Commentary / Philadelphia Union II

Why soccer in Bethlehem? A native’s view

Photo: Chris Luczkowiak

The Lehigh Valley is a weird place. If you ask someone from the Valley where they live, you could get any number of answers. These might include “the Lehigh Valley,” “Allentown,” “Bethlehem,” “Easton,” “outside Philly”, “outside New York,” “eastern PA,” “just south of the Poconos,” or any number of smaller towns in and around the Valley, depending on who’s asking, who’s answering, where you are, and whichever town/city/area that person feels like affiliating with at the moment.

This is due to a few factors.

Some background

The Lehigh Valley is a little over an hour north of Philly and an hour west of New York, two of the nation’s largest cities. This proximity is great for a number of reasons, but identity is not one of them. Do you know what and where Baton Rouge is? Little Rock? Syracuse? Wichita? Chattanooga? Well, all of those cities have smaller metropolitan areas to that of the Lehigh Valley, but unlike the Lehigh Valley they are not in the shadow of a New York or Philly.

The area is also disadvantaged by the fact that, instead of having one main population center, it has three. Allentown, Bethlehem, and Easton are three smaller, but distinct cities. If you took just the city centers of all three of (excluding the surrounding towns and boroughs) and mashed them together, you would have a city with a population greater than Salt Lake City.

I don’t share all of this to sound like Rodney Dangerfield, but to give you a baseline for understanding the area Philadelphia Union’s new USL affiliate will call home.

Hungry for sports

Putting a team in Bethlehem makes sense from a historical point of view. I could go on about the history of Bethlehem Steel and pro soccer here (the ASL’s Pennsylvania Stoners, USL-A League’s Lehigh Valley Steam, and most recently Lehigh Valley United Sonic, which started in the NPSL in 2009 and just finished its first season in the amateur PDL), but it’s been covered on this site to a much greater degree than I could ever do justice.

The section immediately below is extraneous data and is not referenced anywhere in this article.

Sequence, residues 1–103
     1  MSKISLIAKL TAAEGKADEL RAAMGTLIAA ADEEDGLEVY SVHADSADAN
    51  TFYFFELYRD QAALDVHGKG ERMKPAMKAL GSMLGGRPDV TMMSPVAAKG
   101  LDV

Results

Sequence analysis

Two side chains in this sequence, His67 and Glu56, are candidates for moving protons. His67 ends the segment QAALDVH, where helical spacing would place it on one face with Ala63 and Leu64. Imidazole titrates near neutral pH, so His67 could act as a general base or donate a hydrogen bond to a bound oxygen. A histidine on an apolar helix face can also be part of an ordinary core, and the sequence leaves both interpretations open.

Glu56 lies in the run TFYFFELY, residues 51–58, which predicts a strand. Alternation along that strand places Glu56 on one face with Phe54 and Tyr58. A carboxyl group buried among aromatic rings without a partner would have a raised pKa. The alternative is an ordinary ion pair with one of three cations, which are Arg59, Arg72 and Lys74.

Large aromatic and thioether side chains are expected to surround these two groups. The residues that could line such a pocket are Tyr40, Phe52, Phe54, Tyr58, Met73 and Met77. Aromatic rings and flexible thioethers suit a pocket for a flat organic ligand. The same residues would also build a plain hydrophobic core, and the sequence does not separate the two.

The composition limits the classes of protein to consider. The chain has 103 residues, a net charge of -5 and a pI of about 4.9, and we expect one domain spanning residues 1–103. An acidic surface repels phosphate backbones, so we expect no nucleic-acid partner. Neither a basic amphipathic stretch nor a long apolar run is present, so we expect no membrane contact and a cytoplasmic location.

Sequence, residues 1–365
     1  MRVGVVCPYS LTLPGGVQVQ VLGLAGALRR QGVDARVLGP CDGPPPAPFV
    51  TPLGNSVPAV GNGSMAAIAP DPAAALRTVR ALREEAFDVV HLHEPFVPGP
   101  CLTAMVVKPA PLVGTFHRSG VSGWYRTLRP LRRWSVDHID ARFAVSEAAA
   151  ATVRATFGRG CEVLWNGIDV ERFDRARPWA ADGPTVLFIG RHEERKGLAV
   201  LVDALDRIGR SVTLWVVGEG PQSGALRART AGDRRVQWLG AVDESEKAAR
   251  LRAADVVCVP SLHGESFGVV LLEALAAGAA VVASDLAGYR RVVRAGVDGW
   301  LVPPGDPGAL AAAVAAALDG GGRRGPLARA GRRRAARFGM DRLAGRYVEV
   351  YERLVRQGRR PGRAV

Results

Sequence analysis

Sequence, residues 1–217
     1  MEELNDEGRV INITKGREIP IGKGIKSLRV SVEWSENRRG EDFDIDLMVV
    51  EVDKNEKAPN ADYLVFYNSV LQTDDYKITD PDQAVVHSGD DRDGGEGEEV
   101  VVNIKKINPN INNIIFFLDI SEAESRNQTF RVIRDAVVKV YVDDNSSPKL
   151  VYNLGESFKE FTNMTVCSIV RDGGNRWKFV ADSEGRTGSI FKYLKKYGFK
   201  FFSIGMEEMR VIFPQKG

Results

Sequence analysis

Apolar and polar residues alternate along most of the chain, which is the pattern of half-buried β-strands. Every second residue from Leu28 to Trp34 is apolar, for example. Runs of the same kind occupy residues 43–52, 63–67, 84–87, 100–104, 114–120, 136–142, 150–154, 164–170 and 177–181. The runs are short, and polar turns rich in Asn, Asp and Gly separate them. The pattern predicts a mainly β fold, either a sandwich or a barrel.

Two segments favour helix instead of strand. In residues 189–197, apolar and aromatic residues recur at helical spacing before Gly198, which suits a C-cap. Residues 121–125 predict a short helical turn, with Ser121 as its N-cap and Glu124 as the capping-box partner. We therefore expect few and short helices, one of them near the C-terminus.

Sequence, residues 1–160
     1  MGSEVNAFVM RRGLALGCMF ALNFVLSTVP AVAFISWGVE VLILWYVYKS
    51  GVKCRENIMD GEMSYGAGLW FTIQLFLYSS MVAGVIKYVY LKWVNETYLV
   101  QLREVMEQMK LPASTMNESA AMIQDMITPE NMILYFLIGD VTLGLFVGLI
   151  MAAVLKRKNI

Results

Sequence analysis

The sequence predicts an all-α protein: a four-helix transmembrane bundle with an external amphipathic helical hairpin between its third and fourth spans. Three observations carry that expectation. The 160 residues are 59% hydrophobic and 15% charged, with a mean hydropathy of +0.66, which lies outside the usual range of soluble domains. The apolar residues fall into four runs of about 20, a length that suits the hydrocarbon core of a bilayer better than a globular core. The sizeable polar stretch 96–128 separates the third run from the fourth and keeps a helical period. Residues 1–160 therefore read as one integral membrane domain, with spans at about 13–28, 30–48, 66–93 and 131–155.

Some might wonder though if the area could support a team, but the only reason why that is even a question is because many people don’t understand what the region is or how big it is —  including its own residents.

Consider this:

  • The Lehigh Valley IronPigs, the Phillies’ Triple-A Affiliate, are one of the best attended minor league baseball teams in the nation.
  • The Phantoms (a.k.a. Flyers Junior), upon moving to the Lehigh Valley, sparked one of the greatest recent success stories in urban revitalization and have given Allentown one of the fastest growing downtowns in the country.
  • Alongside Musikfest, the Eagles training camp at Lehigh University was one of the Valley’s key end-of-summer attractions until it was cruelly taken away from us.
  • Finally, 52,000 people came out to SteelStacks to watch the 2014 World Cup in the hot summer sun. Some 8,500 came out to watch the Women’s World Cup.

Especially lately, pro sports have been big in the Valley.

I can’t say for certain if the Lehigh Valley has some special quality that makes it any more of a “sports town” than Philly, or any other metropolitan area for that matter. Maybe it’s just a matter of pent up demand to watch live sports for an area that has been traditionally neglected. After all, you can only spend so much time on the road to see a game in Philly or New York.

Whatever the case, the Union are smart to capitalize on this now while demand is high, just as the Phillies and Flyers have.


  1. The Lehigh Valley is a great place and emblematic of everything at once historical and pastoral about the Keystone State. Bethlehem is one of my favorite places to go and the downtown bookstore tops I’ve ever been in.It is a dead obvious selection. Congrats.

  2. And YOCCO’s! Don’t forget the Hot Dog King! 😀

    • Yocco’s is good, but that’s totally an Allentown thing. 😉 In Bethlehem, I go for Callahan’s on the South Side, and Potts on the North Side.

      • Being originally from Central PA (Carlisle; now in Spring City) Yocco’s was “Lehigh Valley” all the way for this outsider 😉 Regardless, i’m looking forward to this all taking shape 🙂

    • Yocco’s might be the most disgusting food on the planet.

  3. James Lockerbie says:

    Good stuff. I am from South Jersey and it’s amazing how each community has it’s own definition of what “South Jersey” means to them. So this is a very informative article on how the Valley may react to this awesome announcement.

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